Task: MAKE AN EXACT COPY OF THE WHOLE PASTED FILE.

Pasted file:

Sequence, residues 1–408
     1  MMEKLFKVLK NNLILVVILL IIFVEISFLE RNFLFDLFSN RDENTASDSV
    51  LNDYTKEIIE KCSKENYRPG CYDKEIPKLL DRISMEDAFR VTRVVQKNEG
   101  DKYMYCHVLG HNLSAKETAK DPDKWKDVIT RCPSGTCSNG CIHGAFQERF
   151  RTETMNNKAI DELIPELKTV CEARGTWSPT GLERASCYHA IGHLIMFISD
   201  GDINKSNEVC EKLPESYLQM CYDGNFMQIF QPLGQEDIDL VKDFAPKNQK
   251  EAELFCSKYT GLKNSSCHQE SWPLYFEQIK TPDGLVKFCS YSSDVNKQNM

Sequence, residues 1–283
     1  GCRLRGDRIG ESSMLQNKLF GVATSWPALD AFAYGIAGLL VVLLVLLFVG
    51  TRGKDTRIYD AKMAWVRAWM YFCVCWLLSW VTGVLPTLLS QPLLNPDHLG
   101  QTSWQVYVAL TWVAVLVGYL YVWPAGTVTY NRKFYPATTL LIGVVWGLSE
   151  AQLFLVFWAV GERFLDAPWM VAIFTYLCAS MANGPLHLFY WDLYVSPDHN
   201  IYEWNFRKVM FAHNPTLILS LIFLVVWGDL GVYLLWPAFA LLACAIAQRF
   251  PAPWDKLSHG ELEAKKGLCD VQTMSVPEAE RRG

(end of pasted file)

Sequence, residues 1–408
     1  MMEKLFKVLK NNLILVVILL IIFVEISFLE RNFLFDLFSN RDENTASDSV
    51  LNDYTKEIIE KCSKENYRPG CYDKEIPKLL DRISMEDAFR VTRVVQKNEG
   101  DKYMYCHVLG HNLSAKETAK DPDKWKDVIT RCPSGTCSNG CIHGAFQERF
   151  RTETMNNKAI DELIPELKTV CEARGTWSPT GLERASCYHA IGHLIMFISD
   201  GDINKSNEVC EKLPESYLQM CYDGNFMQIF QPLGQEDIDL VKDFAPKNQK
   251  EAELFCSKYT GLKNSSCHQE SWPLYFEQIK TPDGLVKFCS YSSDVNKQNM

Sequence, residues 1–283
     1  GCRLRGDRIG ESSMLQNKLF GVATSWPALD AFAYGIAGLL VVLLVLLFVG
    51  TRGKDTRIYD AKMAWVRAWM YFCVCWLLSW VTGVLPTLLS QPLLNPDHLG
   101  QTSWQVYVAL TWVAVLVGYL YVWPAGTVTY NRKFYPATTL LIGVVWGLSE
   151  AQLFLVFWAV GERFLDAPWM VAIFTYLCAS MANGPLHLFY WDLYVSPDHN
   201  IYEWNFRKVM FAHNPTLILS LIFLVVWGDL GVYLLWPAFA LLACAIAQRF
   251  PAPWDKLSHG ELEAKKGLCD VQTMSVPEAE RRG